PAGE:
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Safeguarding Employers Trade Secrets: Insights from a Landmark Legal Case in Uganda

In the ever-evolving landscape of employment law, new frontiers continually emerge, posing dilemmas for employees and employers alike, especially in cross-border contexts. With the advent of the digital age, where company data is integral to business operations, instances of employees misappropriating such data upon leaving employment have become increasingly common. This presents significant challenges in addressing such breaches, particularly for employers with operations spanning multiple jurisdictions. Further, the transient nature of digital assets adds another layer of complexity, as they can easily be deleted, destroyed, or exploited inappropriately. What recourse, then, should an employer have in such situations? 

A recent case before the High Court of Uganda, Nile Breweries Limited v. Johnson Sebuggwawo; High Court Misc. Application No. 252 of 2024 sheds light on this issue. Johnson, formerly employed by Nile Breweries Limited ("Nile Breweries”) from March 26, 2012, to April 4, 2023, resigned from his position as a trade marketing executive. Shortly thereafter, he joined Uganda Breweries Limited, the competitor of Nile Breweries, as a trade marketing executive. 

Upon suspicion of misconduct, Nile Breweries took immediate action and initiated investigations into Johnson’s activities prior to his departure from Nile Breweries. These investigations revealed that Johnson had transferred 125 emails from his official email address to his personal email address, comprising confidential company information without authorization. Nile Breweries, recognizing the seriousness of the breach, filed a case against Johnson for breach of his employment contract and unauthorized disclosure of trade secrets.

As the case remains pending in court, Nile Breweries took further steps to protect their trade secrets. They sought interim relief through an application for Anton Piller orders. These orders, if granted, would allow the inspection of Johnson’s residence and the seizure of all computers, documents, materials, and articles found therein relating to the Nile Breweries’s trade secrets or business information. This is a significant legal measure that can be used when there is a reasonable fear that evidence of infringement of intellectual property rights, in this case, trade secrets, could be destroyed or lost if the defendant is alerted before the search.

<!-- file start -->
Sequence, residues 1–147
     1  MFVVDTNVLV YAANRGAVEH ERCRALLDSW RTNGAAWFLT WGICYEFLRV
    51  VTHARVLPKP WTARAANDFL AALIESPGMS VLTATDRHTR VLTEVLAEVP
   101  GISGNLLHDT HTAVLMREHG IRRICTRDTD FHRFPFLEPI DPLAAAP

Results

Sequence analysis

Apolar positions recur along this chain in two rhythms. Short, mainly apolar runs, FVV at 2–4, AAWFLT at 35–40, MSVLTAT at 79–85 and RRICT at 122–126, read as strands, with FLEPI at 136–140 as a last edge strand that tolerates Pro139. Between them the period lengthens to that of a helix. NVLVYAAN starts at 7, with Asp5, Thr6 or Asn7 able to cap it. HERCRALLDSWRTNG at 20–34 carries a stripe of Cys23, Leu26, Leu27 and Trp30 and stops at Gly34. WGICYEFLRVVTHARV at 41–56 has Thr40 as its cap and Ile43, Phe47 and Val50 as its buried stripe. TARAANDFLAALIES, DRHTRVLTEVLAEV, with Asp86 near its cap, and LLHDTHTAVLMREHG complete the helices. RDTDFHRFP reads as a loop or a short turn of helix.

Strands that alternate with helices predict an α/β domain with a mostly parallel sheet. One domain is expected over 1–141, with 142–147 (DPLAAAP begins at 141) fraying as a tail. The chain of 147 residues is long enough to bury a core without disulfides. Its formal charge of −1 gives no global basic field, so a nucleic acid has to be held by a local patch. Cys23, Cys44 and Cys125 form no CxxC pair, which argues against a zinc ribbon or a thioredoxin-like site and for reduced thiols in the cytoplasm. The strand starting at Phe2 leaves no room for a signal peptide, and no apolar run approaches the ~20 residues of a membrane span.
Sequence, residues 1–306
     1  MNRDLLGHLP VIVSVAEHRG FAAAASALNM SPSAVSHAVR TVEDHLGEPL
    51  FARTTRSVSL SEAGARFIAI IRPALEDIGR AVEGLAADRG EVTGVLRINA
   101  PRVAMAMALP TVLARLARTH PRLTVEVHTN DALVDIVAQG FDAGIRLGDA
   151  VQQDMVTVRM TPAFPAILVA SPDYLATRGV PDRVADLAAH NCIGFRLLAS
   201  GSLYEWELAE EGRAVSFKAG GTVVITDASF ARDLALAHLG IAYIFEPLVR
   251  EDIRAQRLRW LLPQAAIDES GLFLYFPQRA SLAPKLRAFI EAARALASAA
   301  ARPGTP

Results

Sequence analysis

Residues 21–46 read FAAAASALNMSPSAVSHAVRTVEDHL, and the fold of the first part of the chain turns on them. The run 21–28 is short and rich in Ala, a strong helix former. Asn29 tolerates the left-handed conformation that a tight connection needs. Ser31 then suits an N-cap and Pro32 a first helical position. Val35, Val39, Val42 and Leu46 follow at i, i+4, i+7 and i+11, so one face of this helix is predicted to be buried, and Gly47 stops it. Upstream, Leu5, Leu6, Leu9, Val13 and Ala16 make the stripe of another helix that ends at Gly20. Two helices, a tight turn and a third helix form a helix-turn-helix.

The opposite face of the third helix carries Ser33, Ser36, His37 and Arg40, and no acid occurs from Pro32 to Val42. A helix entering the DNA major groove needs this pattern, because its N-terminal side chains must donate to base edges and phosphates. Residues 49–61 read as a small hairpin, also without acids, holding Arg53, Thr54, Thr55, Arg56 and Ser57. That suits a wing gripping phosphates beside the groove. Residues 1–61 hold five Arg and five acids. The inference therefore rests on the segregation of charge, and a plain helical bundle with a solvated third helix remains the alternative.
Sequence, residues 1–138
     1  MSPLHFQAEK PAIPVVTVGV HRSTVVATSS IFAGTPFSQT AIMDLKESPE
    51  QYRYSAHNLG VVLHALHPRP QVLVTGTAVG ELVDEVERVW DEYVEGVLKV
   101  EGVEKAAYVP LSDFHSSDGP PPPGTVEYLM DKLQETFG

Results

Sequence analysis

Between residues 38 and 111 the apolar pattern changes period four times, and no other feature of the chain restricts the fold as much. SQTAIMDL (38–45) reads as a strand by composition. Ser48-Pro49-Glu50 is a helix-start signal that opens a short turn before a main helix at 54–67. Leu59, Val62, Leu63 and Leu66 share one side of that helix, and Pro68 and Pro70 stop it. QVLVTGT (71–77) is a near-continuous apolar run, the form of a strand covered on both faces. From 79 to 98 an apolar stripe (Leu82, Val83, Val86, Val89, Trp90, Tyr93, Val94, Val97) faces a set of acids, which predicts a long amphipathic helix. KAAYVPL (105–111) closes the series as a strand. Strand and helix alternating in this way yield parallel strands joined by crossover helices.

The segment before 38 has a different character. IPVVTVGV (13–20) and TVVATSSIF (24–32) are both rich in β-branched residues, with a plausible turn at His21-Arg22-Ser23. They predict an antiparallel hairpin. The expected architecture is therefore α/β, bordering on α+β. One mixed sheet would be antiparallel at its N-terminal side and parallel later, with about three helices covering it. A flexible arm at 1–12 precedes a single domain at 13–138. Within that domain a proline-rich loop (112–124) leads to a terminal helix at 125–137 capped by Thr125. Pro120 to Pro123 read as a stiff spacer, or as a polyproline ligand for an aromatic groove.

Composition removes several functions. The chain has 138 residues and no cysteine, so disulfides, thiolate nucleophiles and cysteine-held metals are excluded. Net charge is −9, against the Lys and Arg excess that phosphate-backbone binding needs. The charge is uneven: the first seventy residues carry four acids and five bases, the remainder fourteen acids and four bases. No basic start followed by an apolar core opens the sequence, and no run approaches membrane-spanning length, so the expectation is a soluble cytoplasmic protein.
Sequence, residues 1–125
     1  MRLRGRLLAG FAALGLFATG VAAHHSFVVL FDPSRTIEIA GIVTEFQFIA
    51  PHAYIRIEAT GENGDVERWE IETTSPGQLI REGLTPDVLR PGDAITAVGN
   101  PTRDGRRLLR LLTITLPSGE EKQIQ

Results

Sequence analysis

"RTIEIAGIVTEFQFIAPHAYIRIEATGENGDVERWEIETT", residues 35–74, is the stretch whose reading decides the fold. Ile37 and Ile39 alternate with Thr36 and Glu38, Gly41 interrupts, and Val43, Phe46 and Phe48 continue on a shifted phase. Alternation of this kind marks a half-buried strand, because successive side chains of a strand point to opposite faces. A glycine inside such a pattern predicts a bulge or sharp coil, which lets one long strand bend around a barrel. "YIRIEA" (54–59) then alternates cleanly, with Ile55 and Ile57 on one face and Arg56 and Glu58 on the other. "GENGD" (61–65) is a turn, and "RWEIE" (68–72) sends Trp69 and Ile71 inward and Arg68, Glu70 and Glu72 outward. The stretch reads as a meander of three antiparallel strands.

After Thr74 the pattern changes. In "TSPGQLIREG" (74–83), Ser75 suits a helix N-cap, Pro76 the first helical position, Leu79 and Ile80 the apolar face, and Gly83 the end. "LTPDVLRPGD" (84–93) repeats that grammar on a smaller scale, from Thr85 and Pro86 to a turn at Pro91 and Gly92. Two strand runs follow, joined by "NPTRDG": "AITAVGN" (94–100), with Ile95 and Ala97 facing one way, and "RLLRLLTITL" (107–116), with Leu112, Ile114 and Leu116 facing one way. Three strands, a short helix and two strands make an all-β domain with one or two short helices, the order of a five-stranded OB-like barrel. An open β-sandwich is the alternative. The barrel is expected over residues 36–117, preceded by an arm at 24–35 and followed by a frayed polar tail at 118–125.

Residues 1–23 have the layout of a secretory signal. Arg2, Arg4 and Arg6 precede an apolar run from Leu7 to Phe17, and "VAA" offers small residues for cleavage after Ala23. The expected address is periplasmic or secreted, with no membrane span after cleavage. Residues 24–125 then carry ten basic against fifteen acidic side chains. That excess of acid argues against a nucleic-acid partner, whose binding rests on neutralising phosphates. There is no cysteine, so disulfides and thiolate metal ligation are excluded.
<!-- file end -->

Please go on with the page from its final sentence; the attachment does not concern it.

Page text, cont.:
The court granted the application, noting the gravity of the situation. The content of the emails sent to Jonson’s personal address contained sensitive business information, including marketing strategies and statistics. Given Johnson’s role as a trade marketing executive, the court found it implausible that his actions were innocent. It was deemed highly probable that he intended to utilize this information to the detriment of Nile Breweries.

Moreover, the court considered the potential harm Nile Breweries would suffer if it refused to issue the Anton Piller order. Without intervention, Johnson could continue to access, destroy, or replicate sensitive data, thus exacerbating the damages. The court found that it was unlikely that in the 3 months leading up to his resignation, Johnson could innocently and without authorisation transfer Nile Breweries' sensitive business information from his work email address to his personal email address. 

Thus, the issuance of the Anton Piller order was deemed necessary to safeguard Nile Breweries' interests and prevent further harm. The court, therefore, issued the Anton Piller injunction as prayed by Nile Breweries.